Review: I Killed Zoe Spanos

Today, I’m reviewing the perfect mystery to binge during this scorching weather: I Killed Zoe Spanos by Kit Frick. Thank you so much to Audrey Gibbons at Simon and Schuster US for the eARC. Strap yourself in, as this is a long review!


What happened to Zoe won’t stay buried…

When Anna Cicconi arrives to the small Hamptons village of Herron Mills for a summer nanny gig, she has high hopes for a fresh start. What she finds instead is a community on edge after the disappearance of Zoe Spanos, a local girl who has been missing since New Year’s Eve. Anna bears an eerie resemblance to Zoe, and her mere presence in town stirs up still-raw feelings about the unsolved case. As Anna delves deeper into the mystery, stepping further and further into Zoe’s life, she becomes increasingly convinced that she and Zoe are connected–and that she knows what happened to her.

Two months later, Zoe’s body is found in a nearby lake, and Anna is charged with manslaughter. But Anna’s confession is riddled with holes, and Martina Green, teen host of the Missing Zoe podcast, isn’t satisfied. Did Anna really kill Zoe? And if not, can Martina’s podcast uncover the truth?

TW: racism, schizophrenia, murder, drowning, grief, arson, cheating, guilt, drug use, overdose, ableism


My Thoughts:

Anything that is compared to Sadie, one of my all time favourite books, is something that I instantly need in my life. When you combine that with a razor-sharp mystery and the fact that it’s inspired by Rebecca, you have me utterly sold. 

Frick takes the essence of Rebecca in all its shine-chilling, Gothic beauty and infuses it into a thrilling mystery. It reignites the spirit of the classic and gives it a fresh and new feel to it. Information is drip-fed to you through multiple timelines, allowing for a slow build of atmosphere and this constant unsettling sense of not being able to trust anyone. Everyone is a suspect and for a lot of the book you’ll go back and forth on whether Anna indeed committed the crime. That sense of déjà vu that haunts Rebecca is so prevalent here, with Anna’s uncanny resemblance to Zoe and the secrets that are slowly unravelled. Every character is carefully sketched out so a cloud of secrets looms above them, with salacious hints of affairs, obsession and scandals. 

The mystery is so well-constructed and imagined. You become utterly wrapped up, spawning theories left and right as new clues are uncovered. Frick has crafted an incredible riveting mystery that makes it so hard to stop reading. As I read, my mind kept whirring as it thought up new potential theories. When a book consumes your every waking thought, you know it’s a good one and it’s what a mystery should achieve. Frick delivers all that and more. It’s definitely worth re-reading, as it’s so interesting to see the breadcrumb trail of tiny hints that lead up to the big reveals. Like any good mystery writer, Frick tosses us a multitude of plot hints, threads and potential red herrings to keep you constantly on your toes. You really can’t trust anyone you meet. Throughout reading, you have to be constantly suspicious and looking for clues. This type of engagement in a book is so rare and it is an impressive feat.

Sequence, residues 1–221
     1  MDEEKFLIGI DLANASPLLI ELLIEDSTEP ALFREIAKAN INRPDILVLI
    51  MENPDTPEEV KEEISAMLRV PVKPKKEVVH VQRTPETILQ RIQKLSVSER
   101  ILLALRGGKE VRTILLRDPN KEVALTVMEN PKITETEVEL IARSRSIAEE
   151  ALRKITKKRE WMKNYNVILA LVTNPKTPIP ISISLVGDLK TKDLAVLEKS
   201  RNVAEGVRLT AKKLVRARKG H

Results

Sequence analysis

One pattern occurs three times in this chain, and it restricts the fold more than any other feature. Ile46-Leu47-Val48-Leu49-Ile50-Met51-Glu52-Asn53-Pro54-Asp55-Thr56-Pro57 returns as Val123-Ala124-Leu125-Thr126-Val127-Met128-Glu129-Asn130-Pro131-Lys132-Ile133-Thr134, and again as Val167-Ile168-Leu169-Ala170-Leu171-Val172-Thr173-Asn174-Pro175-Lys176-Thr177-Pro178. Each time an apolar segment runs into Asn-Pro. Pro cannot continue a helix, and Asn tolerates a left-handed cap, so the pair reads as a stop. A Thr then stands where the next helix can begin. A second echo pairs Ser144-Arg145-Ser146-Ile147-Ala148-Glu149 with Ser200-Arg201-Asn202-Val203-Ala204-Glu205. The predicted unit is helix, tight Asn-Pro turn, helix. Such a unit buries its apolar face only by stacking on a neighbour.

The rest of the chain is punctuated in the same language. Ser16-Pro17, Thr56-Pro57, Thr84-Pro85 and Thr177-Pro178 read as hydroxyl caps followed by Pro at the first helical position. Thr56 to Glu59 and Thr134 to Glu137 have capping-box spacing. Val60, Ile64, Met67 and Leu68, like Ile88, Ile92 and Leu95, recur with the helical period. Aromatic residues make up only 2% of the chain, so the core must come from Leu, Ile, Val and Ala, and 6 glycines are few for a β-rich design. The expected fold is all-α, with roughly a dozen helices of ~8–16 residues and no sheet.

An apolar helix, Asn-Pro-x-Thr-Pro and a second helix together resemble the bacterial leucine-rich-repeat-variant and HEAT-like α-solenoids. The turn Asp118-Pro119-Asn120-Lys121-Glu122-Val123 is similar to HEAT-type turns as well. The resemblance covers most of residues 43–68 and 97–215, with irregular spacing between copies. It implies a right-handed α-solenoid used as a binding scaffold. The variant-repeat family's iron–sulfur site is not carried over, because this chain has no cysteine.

I Killed Zoe Spanos utilises two alternating timelines (earlier in the summer and after the confession) and interludes of the podcast. It is the latter feature that reminds readers of Sadie, as it feels like such a real podcast that would definitely be a smash-hit. Using this allows the reader to feel more involved and part of the story, keeping you glued to the page. However, it is also similar to Sadie in its incisive, deeply feminist writing. Frick offers biting social commentary on the role of women and privilege, including an excellent conversation about white privilege. A lot of the book revolves around both media and public perceptions of people, showing how easily these can be manipulated and influenced by our own implicit biases. Frick plays with these expectations expertly, often exploiting assumptions that you may have made in order to surprise you. 

On the flipside, Frick also offers a quieter study of guilt and grief alongside the dramatic mystery. It’s an emotionally charged story with a lot of introspective character study. This is particularly evident through Anna’s perspective. She may be somewhat unreliable and untrustworthy but you can only reveal the truth by peeking into her mind. The structure really complimented the twisty nature of the story so much and the parallels within it. For example, the book’s opening and closing lines are both ‘I killed Zoe Spanos’, giving it this unsettling feeling of inevitable destruction. 

I Killed Zoe Spanos is a stand-out YA thriller of 2020, with a dark and entrancing tone that will keep you hooked until that explosive final reveal. 

Rating: 4.5 out of 5.

I will continue to speak up about current events now and forever and to help, here are links to Carrds talking about many of the world’s current events and how you can help. Also, I’ve linked here the Black Lives Matter Carrd to support, but also here is a list of resources to aid Anti-Racism work in the UK, as well as UK specific places to donate to. I will be doing this on every post. If you have the funds to donate, please do but if not, please support and uplift Black voices and sign the petitions. 

3 thoughts on “Review: I Killed Zoe Spanos

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